The current economic rebound [in the U.S.] is not a healthy and sustainable one. It is the result of the largest monetary and fiscal stimulus program ever [and, in spite of that,] neither housing nor employment are participating in the current rebound [while] budget deficits and transfer payments are at record highs! [As such, now is the time] to take action to protect your wealth from a potential economic setback and market decline. [Let me explain.] Words: 863
So says Claus Voigt (www.moneyandmarkets.com) in an article* which Lorimer Wilson, editor of www.munKNEE.com, has reformatted and edited […] further for the sake of clarity and brevity to ensure a fast and easy read. Please note that this paragraph must be included in any article re-posting to avoid copyright infringement. Voigt goes on to say:
The deficit could hit a record $1.6 trillion this year, or 10.7 percent of GDP and, as shown in the chart below, it has been heading skyward since 2002.
The extremely high deficit as a % of GDP has put the housing and labor markets in dire straits. According to the Case-Shiller Home Price Index home prices are still in a freefall with December marking the fifth consecutive monthly drop – and the declines were not insignificant: 11 percent in December alone.
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As far as the labor market is concerned, a disturbing weak picture emerges…there are 7.5 million fewer jobs than in 2007 plus the employment-to-population ratio has dropped to a new low for the cycle — lower than at the depths of the recession! The chart below shows the percentage changes in that ratio so you can compare today’s labor market with what occurred during and after previous recessions. As you can see, the current period is indeed bleak.
The above pictures paint a crystal clear picture of a dangerously unbalanced and vulnerable economy that is exposed to …
Two Major Risks
1. Soaring Oil Prices
With parts of the Middle East in turmoil, crude oil prices have risen considerably and every $10 increase per barrel translates into gasoline prices sucking an additional $30 billion out of consumers’ pockets. As shown in the following chart, the most recent price increase — some $20 per barrel since November — comes on top of an uptrend that started March 2009.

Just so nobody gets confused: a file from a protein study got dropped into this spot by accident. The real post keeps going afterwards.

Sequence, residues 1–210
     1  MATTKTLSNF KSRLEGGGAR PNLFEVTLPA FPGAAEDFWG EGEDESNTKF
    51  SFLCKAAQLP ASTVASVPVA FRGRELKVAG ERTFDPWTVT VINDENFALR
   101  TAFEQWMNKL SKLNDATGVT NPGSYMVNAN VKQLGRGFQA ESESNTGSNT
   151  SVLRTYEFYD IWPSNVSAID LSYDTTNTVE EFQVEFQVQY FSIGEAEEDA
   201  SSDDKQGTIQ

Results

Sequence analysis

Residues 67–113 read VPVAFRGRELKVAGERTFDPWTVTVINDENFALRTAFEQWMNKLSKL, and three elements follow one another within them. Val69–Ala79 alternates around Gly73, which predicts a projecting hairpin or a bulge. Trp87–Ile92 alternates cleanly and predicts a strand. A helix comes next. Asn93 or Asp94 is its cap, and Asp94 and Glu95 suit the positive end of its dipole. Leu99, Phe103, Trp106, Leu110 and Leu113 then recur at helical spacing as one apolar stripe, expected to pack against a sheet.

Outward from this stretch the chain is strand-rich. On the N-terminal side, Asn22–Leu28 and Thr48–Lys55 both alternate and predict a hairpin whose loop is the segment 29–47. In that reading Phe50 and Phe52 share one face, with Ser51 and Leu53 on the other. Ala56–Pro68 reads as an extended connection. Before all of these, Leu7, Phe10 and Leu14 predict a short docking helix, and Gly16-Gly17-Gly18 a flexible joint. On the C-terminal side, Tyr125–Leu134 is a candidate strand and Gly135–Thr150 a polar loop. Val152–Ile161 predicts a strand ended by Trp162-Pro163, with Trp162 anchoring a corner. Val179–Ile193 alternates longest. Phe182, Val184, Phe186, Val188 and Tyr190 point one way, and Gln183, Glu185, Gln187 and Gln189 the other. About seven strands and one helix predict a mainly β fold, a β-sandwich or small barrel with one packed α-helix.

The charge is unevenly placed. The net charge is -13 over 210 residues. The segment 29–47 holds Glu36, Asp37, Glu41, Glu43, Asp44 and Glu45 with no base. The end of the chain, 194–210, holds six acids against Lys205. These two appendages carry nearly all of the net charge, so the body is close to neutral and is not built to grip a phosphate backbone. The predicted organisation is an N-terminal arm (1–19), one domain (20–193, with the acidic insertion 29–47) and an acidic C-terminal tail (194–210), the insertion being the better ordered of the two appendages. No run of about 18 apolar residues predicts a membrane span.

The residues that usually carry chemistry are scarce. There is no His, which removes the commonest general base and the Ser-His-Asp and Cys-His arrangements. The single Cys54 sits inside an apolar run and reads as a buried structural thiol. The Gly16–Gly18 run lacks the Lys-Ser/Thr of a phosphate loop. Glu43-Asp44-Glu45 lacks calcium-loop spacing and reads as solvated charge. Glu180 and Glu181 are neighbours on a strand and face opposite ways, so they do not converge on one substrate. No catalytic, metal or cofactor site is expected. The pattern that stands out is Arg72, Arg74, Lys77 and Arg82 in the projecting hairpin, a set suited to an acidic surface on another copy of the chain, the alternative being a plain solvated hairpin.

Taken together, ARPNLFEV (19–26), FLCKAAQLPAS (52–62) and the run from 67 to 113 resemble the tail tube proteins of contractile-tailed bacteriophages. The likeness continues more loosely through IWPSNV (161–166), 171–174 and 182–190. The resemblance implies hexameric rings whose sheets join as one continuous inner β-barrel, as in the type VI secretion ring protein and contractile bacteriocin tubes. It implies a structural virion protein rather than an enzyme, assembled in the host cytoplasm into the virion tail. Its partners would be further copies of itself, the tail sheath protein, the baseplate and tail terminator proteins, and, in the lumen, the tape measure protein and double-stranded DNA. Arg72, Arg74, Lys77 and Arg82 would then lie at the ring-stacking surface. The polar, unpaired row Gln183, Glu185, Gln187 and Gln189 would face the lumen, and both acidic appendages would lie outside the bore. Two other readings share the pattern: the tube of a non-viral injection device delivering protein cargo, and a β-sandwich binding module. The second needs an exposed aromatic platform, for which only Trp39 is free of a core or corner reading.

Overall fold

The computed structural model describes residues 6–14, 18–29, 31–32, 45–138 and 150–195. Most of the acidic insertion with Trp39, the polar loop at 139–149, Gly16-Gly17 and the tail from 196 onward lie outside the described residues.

During this surge prices have increased to a degree that has historically triggered — or at least coincided with — recessions. As such, since the economy is now so unbalanced and fragile, risks are high that the recent oil price shock could set off another recession.
In the unlikely event that the economy as a whole can escape unscathed, profit margins cannot because they are already at levels not seen since 2007. Therefore, even without rising energy prices, profits are due to turn lower – and higher oil prices will accelerate and aggravate this process. [With] analysts’ earnings estimates for 2011 [so] very ambitious there is absolutely no room for either of these two events [to happen] without major earnings disappointments taking place.
2. Lower Money Supply Growth
China, India, Brazil, and many more emerging markets, have started to implement restrictive monetary policy measures, such as interest rate hikes and higher reserve requirements, which are having some effect in that most emerging stock markets have not joined the S&P 500 in making new cyclical highs during the past weeks. [On the other hand, however,] the Fed and the ECB have not followed suit and especially in the U.S. the QE2 has dominated the monetary policy discussion — and worked its way into the stock market.
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It seems now, [though,] that an important change has taken place behind the scene. In July, 2010 the 3-month annualized growth rate of MZM declined 1.5 percent. Then in August Fed chairman Ben Bernanke stepped up and announced QE2. Money supply growth quickly responded. The 3-month annualized growth rate of MZM jumped to 9.2 percent in October, more than 11 percent in November, and more than 11 percent in December. In January it was back to 6.8 percent, and now it’s down to 1.9 percent.
Bernanke has bragged how QE2 caused the recent stock market rally [and] I have no doubts that QE2 did, indeed, play a major role in rescuing the economy from double-dipping and the stock market from another severe slump. If so, however, the above described considerable slow down in money supply growth should be seen as another major risk for the economy and the stock market. The NASDAQ-100 index, for example, with a price/earnings ratio of 24 and a dividend yield of a miniscule 0.4 percent, looks massively overvalued.
[Now is the time] to protect your wealth from a potential economic setback and market decline.
- The above article consists of reformatted edited excerpts from the original for the sake of brevity, clarity and to ensure a fast and easy read. The author’s views and conclusions are unaltered.
- Permission to reprint in whole or in part is gladly granted, provided full credit is given as per paragraph 2 above.
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